With the rising popularity of streaming apps like Netflix and Hulu and rising inflation costs, more people are spending time watching television. However, due to FCC rule changes, streaming apps can show mature material with violence, gore, and nudity. The only requirement is a disclaimer before the show stating that it’s only intended for mature audiences.
This makes it challenging for Christian viewers to discern whether a show suits their viewing pleasure. Explicit material is constantly available, but it’s not just violence and sex that you must look out for. Christians should also be cautious of the underlying messages connected through these television shows. Here are some shows that Christians should be careful of.
A synopsis of this popular western reads that patriarch John Dutton, played by Kevin Costner, aims to defend his land from land developers and an indigenous tribe for the sake of politics, family and legacy. Over the past four seasons, the show has become a fan favorite, even producing a spin-off called “1923,” starring Harrison Ford and Helen Mirren. The show emphasizes family values and preserving traditions, but most episodes contain excessive foul language. Viewers may enjoy journeying back to the western days, but the language may be too much for teenagers and children.
Disney, the parent company of the FX network, found itself in hot water after producing a show about the anti-Christ’s daughter, Chrissy. The show’s synopsis says that Chrissy and her mother, Laura, are trying to live everyday life in Delaware. Still, they’re constantly thwarted by horrific forces, including Satan, who wants custody of Chrissy’s soul. Also, in an interview, the actress, who is the voice of Chrissy, said she loves that the show is normalizing paganism. Most shows have an underlying evil message, but the “Little Demons” message is about as apparent as possible.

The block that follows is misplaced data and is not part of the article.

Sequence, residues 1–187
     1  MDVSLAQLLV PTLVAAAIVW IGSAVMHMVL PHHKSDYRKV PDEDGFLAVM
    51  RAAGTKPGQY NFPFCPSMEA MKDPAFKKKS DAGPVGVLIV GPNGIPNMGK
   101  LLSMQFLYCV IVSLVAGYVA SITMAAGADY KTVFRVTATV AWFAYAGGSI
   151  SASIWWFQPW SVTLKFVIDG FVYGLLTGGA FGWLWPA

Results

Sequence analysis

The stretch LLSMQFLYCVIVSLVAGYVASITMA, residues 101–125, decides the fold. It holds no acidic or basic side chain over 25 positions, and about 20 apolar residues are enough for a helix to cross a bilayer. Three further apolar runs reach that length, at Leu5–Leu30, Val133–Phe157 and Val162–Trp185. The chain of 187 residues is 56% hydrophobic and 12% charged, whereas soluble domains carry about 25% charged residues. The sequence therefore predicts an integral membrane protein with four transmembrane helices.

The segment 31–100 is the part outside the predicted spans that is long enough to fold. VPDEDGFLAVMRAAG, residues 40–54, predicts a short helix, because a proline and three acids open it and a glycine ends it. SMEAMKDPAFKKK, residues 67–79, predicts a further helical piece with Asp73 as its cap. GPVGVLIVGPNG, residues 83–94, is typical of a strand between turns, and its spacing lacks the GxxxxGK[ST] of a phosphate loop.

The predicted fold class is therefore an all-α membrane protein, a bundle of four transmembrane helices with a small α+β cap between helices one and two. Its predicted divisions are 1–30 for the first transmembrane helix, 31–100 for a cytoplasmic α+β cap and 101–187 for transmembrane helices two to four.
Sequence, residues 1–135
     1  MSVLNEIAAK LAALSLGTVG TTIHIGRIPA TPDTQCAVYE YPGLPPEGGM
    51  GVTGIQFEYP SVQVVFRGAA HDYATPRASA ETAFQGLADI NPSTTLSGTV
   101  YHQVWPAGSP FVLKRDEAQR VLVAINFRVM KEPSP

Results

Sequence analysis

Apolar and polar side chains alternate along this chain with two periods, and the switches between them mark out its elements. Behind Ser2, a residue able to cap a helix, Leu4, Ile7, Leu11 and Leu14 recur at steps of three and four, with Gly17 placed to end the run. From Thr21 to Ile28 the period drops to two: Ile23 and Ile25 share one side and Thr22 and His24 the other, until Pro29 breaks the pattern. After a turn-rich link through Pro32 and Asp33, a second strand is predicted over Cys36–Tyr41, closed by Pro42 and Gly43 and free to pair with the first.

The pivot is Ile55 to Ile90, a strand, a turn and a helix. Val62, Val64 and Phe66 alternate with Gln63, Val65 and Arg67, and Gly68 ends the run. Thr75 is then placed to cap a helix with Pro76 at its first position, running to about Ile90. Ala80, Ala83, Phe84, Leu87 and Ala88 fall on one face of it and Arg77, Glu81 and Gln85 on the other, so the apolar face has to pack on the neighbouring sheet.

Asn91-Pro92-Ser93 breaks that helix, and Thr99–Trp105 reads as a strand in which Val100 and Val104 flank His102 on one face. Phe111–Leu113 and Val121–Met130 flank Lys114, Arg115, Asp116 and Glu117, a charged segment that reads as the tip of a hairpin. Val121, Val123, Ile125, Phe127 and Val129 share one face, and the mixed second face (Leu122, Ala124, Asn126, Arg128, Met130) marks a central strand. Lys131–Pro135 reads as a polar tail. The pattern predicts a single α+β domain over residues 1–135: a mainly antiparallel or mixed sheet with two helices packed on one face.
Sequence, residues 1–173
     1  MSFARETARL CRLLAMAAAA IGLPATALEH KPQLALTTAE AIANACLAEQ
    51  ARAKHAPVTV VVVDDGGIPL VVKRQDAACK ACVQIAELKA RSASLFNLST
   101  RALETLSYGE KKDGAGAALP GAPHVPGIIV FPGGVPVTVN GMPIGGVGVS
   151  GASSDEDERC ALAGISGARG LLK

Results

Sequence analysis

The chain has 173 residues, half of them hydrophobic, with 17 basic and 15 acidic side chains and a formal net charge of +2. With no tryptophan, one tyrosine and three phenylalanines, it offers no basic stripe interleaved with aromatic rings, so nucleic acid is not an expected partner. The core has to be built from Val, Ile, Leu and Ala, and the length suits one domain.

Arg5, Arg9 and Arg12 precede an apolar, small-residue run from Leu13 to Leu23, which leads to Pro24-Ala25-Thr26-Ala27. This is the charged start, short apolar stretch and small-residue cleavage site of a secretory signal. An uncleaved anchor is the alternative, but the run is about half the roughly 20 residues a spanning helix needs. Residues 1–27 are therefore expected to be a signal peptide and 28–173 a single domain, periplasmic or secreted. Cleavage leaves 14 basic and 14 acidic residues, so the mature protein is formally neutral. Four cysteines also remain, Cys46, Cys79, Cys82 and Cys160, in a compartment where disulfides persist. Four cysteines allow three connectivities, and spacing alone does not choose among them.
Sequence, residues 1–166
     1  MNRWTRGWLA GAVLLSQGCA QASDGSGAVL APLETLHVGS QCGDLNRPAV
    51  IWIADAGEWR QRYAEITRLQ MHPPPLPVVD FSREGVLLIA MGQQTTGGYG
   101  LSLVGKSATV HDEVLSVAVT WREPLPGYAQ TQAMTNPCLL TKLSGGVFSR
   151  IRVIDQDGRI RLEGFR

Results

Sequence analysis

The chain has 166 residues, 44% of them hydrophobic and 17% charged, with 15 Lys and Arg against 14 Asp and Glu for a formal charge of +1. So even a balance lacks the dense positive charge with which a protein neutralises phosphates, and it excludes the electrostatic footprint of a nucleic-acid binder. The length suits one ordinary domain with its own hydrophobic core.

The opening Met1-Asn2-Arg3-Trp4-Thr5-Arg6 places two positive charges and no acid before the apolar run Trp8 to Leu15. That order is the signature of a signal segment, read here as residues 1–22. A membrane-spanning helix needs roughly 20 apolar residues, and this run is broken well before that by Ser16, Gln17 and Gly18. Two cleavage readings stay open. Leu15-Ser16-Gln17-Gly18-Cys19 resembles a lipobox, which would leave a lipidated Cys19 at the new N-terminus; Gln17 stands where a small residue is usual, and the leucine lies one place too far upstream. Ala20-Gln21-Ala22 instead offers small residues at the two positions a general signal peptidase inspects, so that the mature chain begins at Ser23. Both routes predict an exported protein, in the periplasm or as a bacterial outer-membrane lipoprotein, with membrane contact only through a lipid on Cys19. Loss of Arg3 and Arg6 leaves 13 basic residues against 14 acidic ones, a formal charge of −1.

"The Parent Test"
This new ABC reality show takes 12 different parents and their children and gives them a set of challenges to find the best parenting style. With different parenting styles ranging from New Age to free range, parents are under fire as their children complete tasks under Ali Worthington’s watchful eye and a trained child psychologist. The show only has a PG rating, but one set of parents examines the other, commenting on their differing parenting styles. As viewers go through the show, they’ll notice that it’s nothing more than parents rebelling against past parenting styles while letting their feelings about their parents’ parenting style influence how they raise their children.
The fans of Sylvester Stallone and the “Rocky” movies may drift toward “Tulsa King,” thinking that it has positive messages and similar underdog roots to the “Rocky” franchise. However, viewers will be appalled to find it’s the opposite of “Rocky” films’ messages. Stallone plays Dwight Manfredi, who spent 25 years in prison for a crime he didn’t do. He took the blame for a murder, hoping to show his loyalty and protect the mafia boss. However, the mob family disowns him when he’s released and sends him to Tulsa, Oklahoma as the new mob king. The show is full of violence and foul language, a far cry from the “Rocky” franchise.
Christians are called to live out biblical principles in every aspect of life, including what we watch on television. The TV shows we entertain ourselves with matter as much as our public persona. The next time you want to start a new show but are unsure if it’s suitable to watch, use Psalm 101:3 as your guide.